My Celtic and Irish Books
I was realizing I have made a decently sized unlibrary of Celtic and Irish books… I say unlibrary ‘cause I haven’t finished most of them yet, the exception being of Ellis’ book. I also have read a large chunks of Celtic Wonder Tales and Other Stories, The Year in Ireland, and Celtic Gods and Heroes.
On the left hand side of the photo is a new buy: “Language/30 Irish.” It was only $10 at the used book store, and the reviews said it was a good as an introduction to the language (more for things if one was traveling to the country and want to hold simple conversations.) Considering I’m awful at pronunciation and learning languages, I thought it’d be a good first step in conjunction to this post’s resources.
The next stack of books are as follows (top to bottom):
- The Year in Ireland by Kevin Danaher
- The Celts by Bernhard Maier (started this)
- The Story of the Irish Race by Seumas MacManus
- The Lore of Ireland by Dáithí O hOgáin (read sections of this book)
- The Historical Atlas of the Celtic World by Dr. Ian Barnes (read sections of this book)
In between the two stacks, from left to right, is:
- Irish Cures, Mystic Charms & Superstitions by Lady Wilde (read parts of this)
- Celtic Gods and Heroes by Marie-Louise Sjoestedt
- The Celtic Twilight: Faerie and Folklore by W.B. Yeats
The last stack of books are as follows (top to bottom):
- Celtic Myth and Legends by Peter Berresford Ellis
- The Táin by Ciaran Carson
- Celtic Wonder Tales and Other Stories by Ella Young
- Irish Folk & Fairy Tales Omnibus by Michael Scott
- Irish Ways (The Story of Ireland in Song,Music and Poetry) by Ron Kavana (this book comes with four CDs to play while reading!)
I still have a lot of other books I want to get eventually, but this is a decent start I think.
I mulled over my life the other day. Between my depression increasing in ten folds and the past two years resulting in nothing but “I guess I woke up today”, I needed to look forward to something. I needed to figure out a life goal for myself that was attainable and fulfilling.
So, I thought about making a sorta community center for Polytheists.
As I chronicled on this blog, my interactions with the pagan community have been disappointing to downright awful. But those are “pagan” communities. From people sharing experiences on Tumblr, I’ve realized that my experiences are unfortunately the norm at in-person pagan events. That there is little to no attention given to hard polytheists and no thought given to Recons.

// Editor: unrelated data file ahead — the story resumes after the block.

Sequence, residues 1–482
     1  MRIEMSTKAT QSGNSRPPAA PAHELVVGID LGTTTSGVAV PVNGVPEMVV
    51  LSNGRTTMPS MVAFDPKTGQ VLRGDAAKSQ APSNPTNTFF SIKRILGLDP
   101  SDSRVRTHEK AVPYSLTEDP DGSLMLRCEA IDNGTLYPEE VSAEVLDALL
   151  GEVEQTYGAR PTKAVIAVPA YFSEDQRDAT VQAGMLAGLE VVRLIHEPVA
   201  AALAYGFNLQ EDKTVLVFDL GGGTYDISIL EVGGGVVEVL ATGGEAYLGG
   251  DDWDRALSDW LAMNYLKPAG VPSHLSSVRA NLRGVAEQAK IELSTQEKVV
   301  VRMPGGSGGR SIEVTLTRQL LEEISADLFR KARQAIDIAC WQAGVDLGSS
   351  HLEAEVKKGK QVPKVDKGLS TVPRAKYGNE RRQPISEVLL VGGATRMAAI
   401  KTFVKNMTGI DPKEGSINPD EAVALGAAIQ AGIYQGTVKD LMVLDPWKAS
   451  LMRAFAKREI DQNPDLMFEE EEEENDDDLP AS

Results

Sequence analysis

But what if I made a center focused on Polytheism? A place dedicated to them–to us.
I know that I would like that, but I wasn’t sure about other people. So I posted on Tumblr in the tags to see the responses, and they were really positive! So that got me excited. Which got me thinking. And planning. And, so, here are things I would want to accomplish with the community center:
- Either a library or bookstore with helpful books. Things Recons put on “Recommended Reading” lists.
- Feasts, festivals, and holiday celebrations! I know I would want to have a celebration for the Four Gaelic Festivals, but I’d open it up for other people. (Like if a NeoWiccan group wanted to use the space for Full Moon Esbats, or a Kemetic wanted to use the space for Wep Ronpet, or if a Norse Recon wanted to host a blót, etc etc. It’d be dependent on the community.)
- Educational workshops. Sometimes one-day things, sometimes multiple classes, etc. Maybe a weekly meditation class?
- A monthly book club–which may just end up being a monthly “talk about what you’re reading!” club.
- A weekly service of some sort. Probably revolving around me taking a folktale and talking about it, or talking two pieces of scripture and discussing them.
- Summer camps for kids to learn about various mythologies and folklore: ranging from Christianity to Egyptian to Japanese.
- Shrines! I think it’d be wonderful to have community shrines for the Gods. Not one shrine for ALL the gods (I can’t imagine how a Kemetic and a Gaelic Polytheist could share a shrine while respecting their respected cultures), but a room dedicated to Gaelic Deities, a room dedicated to Kemetic Deities, a room dedicated to Hellenic deities, etc etc etc.
Things I would like to include, depending on resources:
- A really, really cheap daycare. (I’m really sick of how babysitting is $10/hr and minimum wage is $7.25/hr. I don’t think babysitters need to be paid less, but people need to be paid more. Otherwise, I kinda just wish I could give free daycare to single parents or struggling families so they can earn a living to feed their children.)
- Athletics of some sort. Maybe just as simple as intramural activities.
- Activism projects.
- Other classes, like maybe dance classes or martial arts.
I haven’t really put it all together yet in a business plan (as my boyfriend is urging me to do) because I’m not anywhere near ready to even ask local people in the area if they’d be interested (since it’s one thing to have various people on Tumblr support the idea, and another to get local support.) I am fairly sure I need to dive deep into a theology and history degree to be an adequate teacher for the core classes. I don’t know where I’d even get a degree to really cover what I want to be knowledgeable in.
This is all ignoring the fact that I failed my attempt at re-entering the academia world because I had panic attacks (again) getting to classes. So I first have to get over the hurtle that is my mental health before I can even begin to grasp the building blocks for this endeavor.
Still… It would be nice to have a safe place. No racists allowed, no sexists allowed, no bigots allowed. People building friendships and family, helping each other grow. It’s a real nice thought.